Guide to Laws Related to Hiring for Your Business in California

When hiring for your business, the first step is to determine what type of workers you will use. Legally speaking, there are 2 types of workers: employees and independent contractors (aka freelancers). You will then need to know what paperwork to file, what rights your workers will have, and what intellectual property protections you will need.

Should I hire employees or independent contractors (freelancers)?

Businesses often struggle in deciding whether to hire people as employees or independent contractors (also called freelancers or consultants). Using independent contractors instead of employees can save money on taxes and mean less paperwork, but it also means that employers don’t have as much control over the independent contractors. Many employers try to have it both ways, and classify workers as independent contractors but also treat them as employees, setting their schedule and telling them how to do their job. This is known as “misclassifying” and can involve significant penalties.

See more about the pros/cons of each status and how to determine when someone should be classified as an independent contractor or employee.

What do I need to know about hiring interns?

See our Guide to Laws Related to Internships.

Employees

What benefits am I required to provide to my employees?

It depends on how many employees you have.

If you have fewer than 5 employees, the primary benefits you need to provide to employees (regardless of whether “temp” or part-time vs full-time, etc) are:

  • Paid sick leave: at least 3 days per year, or 1 hour for each 30 hours worked. Begins accruing upon hire, but may be used after 90 days.
  • Workers compensation coverage: “Workers comp” insurance covers injuries or illnesses sustained on the job.1Labor Code §3700, et seq.

Note that you must also pay various taxes as part of payroll, including unemployment insurance, and the employment training tax. These and the accrual of paid sick leave should all be calculated and handled by your payroll provider.

When you get to 5 or more employees, some additional requirements kick in, such as providing unpaid family and medical leave, and bereavement leave. See our Guide to Employee Leave Rights in California.

When you get to 50 or more employees, you will be required to provide health insurance, under the federal Affordable Care Act.

Do I need to provide paid vacation time or other paid time off, or holiday pay to employees?

No. See our Guide to Employee Leave Rights in California.

Do I need to provide any type of retirement benefits?

No, employers in California are not required to offer pensions or retirement plans to employees.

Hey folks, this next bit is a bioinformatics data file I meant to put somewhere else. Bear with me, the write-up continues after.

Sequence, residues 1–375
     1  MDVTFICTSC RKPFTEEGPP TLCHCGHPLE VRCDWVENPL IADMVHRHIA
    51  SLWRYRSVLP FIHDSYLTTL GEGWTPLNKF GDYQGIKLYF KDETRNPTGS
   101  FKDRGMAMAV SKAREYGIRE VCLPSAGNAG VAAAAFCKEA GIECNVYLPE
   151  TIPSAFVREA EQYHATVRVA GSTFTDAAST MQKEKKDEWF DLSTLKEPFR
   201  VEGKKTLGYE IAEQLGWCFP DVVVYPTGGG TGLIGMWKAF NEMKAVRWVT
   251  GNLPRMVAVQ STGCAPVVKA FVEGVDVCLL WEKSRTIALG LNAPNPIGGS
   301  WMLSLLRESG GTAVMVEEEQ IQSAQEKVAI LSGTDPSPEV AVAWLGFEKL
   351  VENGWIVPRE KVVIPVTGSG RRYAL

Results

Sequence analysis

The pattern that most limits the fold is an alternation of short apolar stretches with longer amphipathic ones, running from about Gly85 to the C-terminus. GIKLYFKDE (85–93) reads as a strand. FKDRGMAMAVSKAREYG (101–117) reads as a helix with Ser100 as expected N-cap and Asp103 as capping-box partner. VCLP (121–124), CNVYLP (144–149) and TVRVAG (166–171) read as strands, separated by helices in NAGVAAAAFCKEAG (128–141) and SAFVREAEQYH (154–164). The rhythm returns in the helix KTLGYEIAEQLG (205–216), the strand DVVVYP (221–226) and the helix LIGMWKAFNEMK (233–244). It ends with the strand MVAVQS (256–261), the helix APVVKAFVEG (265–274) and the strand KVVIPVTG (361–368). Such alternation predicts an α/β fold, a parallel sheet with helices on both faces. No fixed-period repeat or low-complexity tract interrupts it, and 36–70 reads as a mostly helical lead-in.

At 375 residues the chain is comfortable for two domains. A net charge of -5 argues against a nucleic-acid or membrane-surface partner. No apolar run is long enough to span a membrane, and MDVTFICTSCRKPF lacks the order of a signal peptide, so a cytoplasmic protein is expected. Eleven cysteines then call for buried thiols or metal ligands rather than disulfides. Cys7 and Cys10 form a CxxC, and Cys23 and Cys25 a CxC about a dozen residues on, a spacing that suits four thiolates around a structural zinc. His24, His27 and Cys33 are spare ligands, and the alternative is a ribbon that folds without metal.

How do I onboard employees and set up payroll?

You will probably want to get a payroll company to assist with this. If you use a service like Gusto, it’s very manageable and not too costly.2NOTE: Law Soup Media may receive compensation from this vendor if you use any of their services. We have used every product we recommend, and we stand by them. Thank you for your support!

Onboarding

  1. You and the employee should sign an employment agreement, or simply describe the terms of employment in an offer letter
  2. The employee should fill out a W-4 (for you to complete the W-2s) and I-9 (to verify immigration status and work permit)
  3. Set up payroll for the employee, and withhold taxes
  4. Register new employee with the CA Economic Development Department (Form DE 34)
  5. Recommended: Provide the employee with an employee handbook describing your company policies
  6. Recommended: Confidentiality/non-disclosure agreement

Ongoing

  1. Pay the employee through the payroll system you have set up, at the intervals you have agreed on (every 2 weeks, every month, etc)
  2. File and pay payroll taxes (usually quarterly)
  3. You would send a W-2 the following year by Jan 31 to both the employee and the IRS.
  4. Workplace postings

What are other general employment laws I should know?

See our Employee rights page.

Freelancers

What benefits am I required to provide to my freelancers?

None, other than what is negotiated between you and the freelancer.

How do I onboard freelancers?

Onboarding

  1. You and the freelancer should sign an independent contractor agreement
  2. The freelancer should fill out a W-9 form (for you to complete the 1099)
  3. If you will pay them at least $600 in the next year, and they are not taxed as a corporation, you need to file with the CA Economic Development Department and provide information about each independent contractor you hire.

Ongoing

  1. The freelancer should invoice you for the work they have done.
  2. Each year, for independent contractors who you paid at least $600 during the prior year, and who are not taxed as a corporation, you must send them a 1099 form by Jan 31 (and send it to the IRS by March 31). You generally do not withhold any taxes from them.

Intellectual Property

What intellectual property rights should I be aware of when hiring?

If you are hiring a freelancer to create any intellectual property (writing, art, design, etc.) for you, the freelancer actually owns that intellectual property unless you have a signed contract stating that you will own it (“work for hire” or “assignment” agreement). If not, you would simply have a “license” to use the work. See Copyright for more details.3CA Labor Code Secs. 28703351.5(c))

If you are hiring an employee to create intellectual property, you generally will own the work as long as it is clear that they were hired specifically to do that work.

Further Resources

See our Guide to Small Business Resources

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